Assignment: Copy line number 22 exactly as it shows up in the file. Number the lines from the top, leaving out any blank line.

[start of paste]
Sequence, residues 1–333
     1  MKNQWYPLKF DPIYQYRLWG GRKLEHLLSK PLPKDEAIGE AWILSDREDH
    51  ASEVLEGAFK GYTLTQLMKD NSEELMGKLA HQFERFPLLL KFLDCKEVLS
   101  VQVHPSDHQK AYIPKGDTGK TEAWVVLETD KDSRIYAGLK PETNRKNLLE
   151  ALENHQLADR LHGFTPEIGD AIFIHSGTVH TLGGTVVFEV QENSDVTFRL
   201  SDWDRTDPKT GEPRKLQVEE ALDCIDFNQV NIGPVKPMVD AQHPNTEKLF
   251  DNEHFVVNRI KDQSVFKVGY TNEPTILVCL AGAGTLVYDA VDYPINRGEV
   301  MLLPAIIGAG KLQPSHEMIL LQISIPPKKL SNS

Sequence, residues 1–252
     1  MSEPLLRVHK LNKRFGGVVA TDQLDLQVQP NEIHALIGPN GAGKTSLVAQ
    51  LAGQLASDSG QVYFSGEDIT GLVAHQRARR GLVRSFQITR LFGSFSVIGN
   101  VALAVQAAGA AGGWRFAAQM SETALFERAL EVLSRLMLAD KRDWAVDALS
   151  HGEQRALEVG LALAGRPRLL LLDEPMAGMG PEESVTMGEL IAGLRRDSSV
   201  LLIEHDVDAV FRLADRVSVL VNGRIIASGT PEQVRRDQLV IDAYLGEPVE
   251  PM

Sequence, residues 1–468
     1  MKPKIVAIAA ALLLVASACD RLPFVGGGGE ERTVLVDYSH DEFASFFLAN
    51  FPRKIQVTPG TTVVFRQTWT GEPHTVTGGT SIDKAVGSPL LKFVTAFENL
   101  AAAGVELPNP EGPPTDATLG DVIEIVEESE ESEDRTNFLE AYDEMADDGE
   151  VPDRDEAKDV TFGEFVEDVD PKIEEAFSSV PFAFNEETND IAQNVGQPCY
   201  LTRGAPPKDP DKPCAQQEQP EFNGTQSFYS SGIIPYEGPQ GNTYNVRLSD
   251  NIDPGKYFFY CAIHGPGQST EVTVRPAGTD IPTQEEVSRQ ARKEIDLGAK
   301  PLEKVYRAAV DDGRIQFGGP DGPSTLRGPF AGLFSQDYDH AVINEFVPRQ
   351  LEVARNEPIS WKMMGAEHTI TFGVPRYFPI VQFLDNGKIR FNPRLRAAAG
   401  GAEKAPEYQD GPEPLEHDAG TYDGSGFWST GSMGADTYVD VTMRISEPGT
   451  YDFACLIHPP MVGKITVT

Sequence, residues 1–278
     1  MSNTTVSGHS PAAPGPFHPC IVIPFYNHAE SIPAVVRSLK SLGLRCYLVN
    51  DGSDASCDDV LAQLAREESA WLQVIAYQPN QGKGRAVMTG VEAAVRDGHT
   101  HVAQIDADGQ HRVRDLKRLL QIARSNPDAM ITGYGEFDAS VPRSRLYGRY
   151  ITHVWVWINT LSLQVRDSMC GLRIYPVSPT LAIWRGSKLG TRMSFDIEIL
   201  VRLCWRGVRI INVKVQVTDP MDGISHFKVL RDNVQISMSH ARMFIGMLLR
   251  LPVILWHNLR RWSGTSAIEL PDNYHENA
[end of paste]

   251  NIDPGKYFFY CAIHGPGQST EVTVRPAGTD IPTQEEVSRQ ARKEIDLGAK